The exhibition brings together key examples of painting, sculpture and works on paper, including L’Hourloupe cycle works of the late 1960s, significant examples from the Théâtres de mémoire of the 1970s, as well as remarkable works from the Psycho-sites, Mires and Non-Lieux series of the 1980s.
Well-known for founding Art Brut – art produced outside of the confines of academic (accepted) art – Dubuffet championed, throughout his life, the need to continually question the established conditions of art, culture and society. He consistently challenged the canon and convention, and for this reason, Dubuffet’s work and ideas remain compelling and relevant. As he states:
… freedom from conditioning implies an antisocial temperament – a position that sociologists classify as alienated. It is precisely this temperament, however, that seems to us to be the very mainspring of all creation and invention – the innovator being in essence someone who is unsatisfied with what others are content with… – Dubuffet, in “Let’s make some room for uncivic behaviour”, 1967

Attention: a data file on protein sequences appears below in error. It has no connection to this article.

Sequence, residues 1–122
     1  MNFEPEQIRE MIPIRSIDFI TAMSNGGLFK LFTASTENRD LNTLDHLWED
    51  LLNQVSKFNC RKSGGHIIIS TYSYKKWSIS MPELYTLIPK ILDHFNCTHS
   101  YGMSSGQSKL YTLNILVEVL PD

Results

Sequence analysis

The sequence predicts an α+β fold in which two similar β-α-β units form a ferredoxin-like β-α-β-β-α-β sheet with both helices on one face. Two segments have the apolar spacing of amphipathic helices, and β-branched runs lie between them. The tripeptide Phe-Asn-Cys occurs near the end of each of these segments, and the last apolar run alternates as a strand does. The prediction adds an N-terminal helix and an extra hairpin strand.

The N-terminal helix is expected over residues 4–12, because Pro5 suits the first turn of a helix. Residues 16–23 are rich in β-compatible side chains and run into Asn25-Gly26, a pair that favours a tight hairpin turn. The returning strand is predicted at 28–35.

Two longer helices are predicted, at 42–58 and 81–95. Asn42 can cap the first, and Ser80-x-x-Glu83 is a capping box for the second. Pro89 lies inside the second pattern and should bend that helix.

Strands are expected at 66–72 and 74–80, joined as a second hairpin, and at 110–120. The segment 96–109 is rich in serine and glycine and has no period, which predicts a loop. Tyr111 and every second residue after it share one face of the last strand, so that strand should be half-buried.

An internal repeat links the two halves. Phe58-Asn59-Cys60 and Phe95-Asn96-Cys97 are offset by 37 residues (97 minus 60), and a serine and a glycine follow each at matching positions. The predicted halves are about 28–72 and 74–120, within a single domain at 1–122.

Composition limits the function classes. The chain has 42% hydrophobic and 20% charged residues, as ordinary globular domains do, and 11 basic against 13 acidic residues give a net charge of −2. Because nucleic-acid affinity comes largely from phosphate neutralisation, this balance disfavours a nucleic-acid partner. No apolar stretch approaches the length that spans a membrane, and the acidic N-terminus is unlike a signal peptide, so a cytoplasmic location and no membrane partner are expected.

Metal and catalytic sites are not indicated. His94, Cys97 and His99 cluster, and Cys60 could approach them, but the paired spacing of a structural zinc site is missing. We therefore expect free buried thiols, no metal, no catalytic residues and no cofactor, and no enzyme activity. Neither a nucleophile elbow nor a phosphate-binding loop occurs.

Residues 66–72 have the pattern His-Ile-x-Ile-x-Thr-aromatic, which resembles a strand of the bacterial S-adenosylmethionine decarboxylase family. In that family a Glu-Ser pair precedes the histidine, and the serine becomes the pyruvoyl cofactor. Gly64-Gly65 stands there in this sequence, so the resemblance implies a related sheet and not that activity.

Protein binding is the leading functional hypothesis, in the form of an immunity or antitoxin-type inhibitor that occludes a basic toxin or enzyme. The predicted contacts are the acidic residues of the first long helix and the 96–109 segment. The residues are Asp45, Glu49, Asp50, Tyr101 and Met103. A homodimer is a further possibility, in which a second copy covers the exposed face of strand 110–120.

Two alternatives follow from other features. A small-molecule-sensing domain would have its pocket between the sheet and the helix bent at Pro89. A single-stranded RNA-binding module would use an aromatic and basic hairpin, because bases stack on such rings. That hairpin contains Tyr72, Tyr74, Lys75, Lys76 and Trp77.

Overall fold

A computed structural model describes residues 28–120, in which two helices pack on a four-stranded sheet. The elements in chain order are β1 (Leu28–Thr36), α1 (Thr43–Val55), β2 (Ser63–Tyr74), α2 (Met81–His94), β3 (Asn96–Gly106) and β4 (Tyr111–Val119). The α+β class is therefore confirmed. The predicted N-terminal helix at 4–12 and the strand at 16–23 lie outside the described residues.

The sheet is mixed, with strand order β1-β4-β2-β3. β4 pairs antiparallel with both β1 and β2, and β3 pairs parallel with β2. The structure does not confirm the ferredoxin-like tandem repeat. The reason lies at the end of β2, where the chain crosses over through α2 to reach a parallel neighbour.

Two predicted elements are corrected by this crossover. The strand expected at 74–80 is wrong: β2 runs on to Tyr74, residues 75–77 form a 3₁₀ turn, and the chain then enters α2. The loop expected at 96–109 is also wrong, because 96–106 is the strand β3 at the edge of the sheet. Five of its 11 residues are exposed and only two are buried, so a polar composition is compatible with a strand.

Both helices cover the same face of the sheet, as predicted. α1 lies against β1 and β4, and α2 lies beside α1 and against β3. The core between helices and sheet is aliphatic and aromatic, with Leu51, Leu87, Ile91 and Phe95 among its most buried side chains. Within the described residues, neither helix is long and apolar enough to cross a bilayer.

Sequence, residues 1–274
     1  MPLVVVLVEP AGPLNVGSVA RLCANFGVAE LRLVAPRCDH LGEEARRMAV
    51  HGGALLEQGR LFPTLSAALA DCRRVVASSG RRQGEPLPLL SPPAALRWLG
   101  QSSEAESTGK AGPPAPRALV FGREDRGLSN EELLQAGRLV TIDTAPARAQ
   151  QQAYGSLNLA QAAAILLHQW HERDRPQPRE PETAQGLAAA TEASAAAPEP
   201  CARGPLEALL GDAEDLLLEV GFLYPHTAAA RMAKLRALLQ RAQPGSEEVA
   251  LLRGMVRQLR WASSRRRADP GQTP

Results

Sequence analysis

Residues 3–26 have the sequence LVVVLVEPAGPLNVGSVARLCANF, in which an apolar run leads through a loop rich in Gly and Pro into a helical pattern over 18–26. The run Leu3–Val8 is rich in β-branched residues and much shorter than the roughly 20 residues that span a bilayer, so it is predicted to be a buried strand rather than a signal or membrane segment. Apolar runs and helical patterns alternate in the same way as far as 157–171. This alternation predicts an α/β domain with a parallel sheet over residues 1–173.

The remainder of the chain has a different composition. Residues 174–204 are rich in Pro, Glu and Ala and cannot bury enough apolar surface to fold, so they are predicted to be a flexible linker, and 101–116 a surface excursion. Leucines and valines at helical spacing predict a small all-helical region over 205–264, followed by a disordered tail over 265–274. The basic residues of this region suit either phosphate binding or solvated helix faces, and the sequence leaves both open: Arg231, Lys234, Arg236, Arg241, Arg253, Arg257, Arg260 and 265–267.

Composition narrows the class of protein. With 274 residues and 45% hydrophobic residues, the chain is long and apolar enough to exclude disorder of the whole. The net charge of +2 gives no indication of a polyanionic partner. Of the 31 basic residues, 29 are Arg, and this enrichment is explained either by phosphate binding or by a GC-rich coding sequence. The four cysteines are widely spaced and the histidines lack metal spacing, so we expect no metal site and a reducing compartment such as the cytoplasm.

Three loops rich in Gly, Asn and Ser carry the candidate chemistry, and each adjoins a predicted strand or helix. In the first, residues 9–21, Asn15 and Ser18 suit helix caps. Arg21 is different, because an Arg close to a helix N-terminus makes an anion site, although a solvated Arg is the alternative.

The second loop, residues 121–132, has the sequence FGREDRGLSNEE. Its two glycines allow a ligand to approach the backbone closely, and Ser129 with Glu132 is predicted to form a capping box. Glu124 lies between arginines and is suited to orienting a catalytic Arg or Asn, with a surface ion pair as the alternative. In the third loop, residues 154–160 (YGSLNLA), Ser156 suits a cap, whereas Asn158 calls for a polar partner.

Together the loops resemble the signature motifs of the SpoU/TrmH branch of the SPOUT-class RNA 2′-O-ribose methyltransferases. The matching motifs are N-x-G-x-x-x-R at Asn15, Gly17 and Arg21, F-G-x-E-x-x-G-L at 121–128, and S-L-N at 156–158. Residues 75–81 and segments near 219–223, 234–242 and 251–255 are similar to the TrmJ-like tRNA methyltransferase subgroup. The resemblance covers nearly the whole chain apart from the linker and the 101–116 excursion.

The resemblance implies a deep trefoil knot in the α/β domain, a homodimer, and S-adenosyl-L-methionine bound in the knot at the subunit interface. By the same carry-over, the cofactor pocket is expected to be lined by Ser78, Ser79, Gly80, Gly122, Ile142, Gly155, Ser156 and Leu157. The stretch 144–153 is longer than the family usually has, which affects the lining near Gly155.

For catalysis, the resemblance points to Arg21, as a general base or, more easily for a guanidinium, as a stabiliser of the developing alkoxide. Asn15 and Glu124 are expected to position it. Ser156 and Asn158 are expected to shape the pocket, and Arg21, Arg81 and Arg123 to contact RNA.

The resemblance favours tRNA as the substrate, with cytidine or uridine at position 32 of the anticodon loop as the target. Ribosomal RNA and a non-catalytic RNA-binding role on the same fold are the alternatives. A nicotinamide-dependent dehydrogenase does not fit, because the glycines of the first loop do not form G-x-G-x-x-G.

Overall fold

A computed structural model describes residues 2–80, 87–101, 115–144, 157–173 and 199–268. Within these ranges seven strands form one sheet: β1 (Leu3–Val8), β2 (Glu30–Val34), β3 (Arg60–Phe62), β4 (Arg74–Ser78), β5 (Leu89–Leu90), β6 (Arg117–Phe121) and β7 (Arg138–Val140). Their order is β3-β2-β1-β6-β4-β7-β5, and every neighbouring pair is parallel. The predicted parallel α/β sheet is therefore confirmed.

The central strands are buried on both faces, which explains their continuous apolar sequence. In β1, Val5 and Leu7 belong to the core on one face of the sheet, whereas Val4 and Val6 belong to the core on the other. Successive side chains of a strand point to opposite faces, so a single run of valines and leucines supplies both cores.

The Hourloupe series is derived from semi-automatic doodles made with ballpoint pen while Dubuffet was talking on the phone, and is the longest series in the artist’s career. The distinct shapes are delimited by black lines, surrounding flat patches of primary red and blue, with white empty spaces. The series would occupy Dubuffet for twelve years and gradually involved the production of art on an industrial scale and incorporating different media and techniques. As the practice moved from that of the traditional painter, to sculpture and architect, these began to include vinyl paint, painted polystyrene and other materials of the ‘common man’. Hourloupe is the title of a small book that Dubuffet wrote in 1962, comprised of ‘absolute jargon’ – a text composed of invented words whose meanings are problematic. The text was decoratively handwritten in white gouache on black paper, and Dubuffet explains the motifs are: “meandering lines with some areas hatched or filled in with uniform areas of colour” and which “produce a disorienting effect particularly as a result of the ambiguity between which spaces should be seen as full and which should be seen as empty…”
Considered as both painting and writing, the series consists of ironic figures and forms in movement, and for Dubuffet was a “festival of the mind” – a representation of the world, far removed from a conformist vision.
The first four series following L’Hourloupe questioned the place of everyman in nature. Figures – alone or in pairs, with no communication between them – are enclosed in halos, and located within vast abstract landscapes (sites) of colour. Dubuffet referred to these works as “landscapes of the brain”, and were the artist’s attempt to represent things as he thought, rather than saw.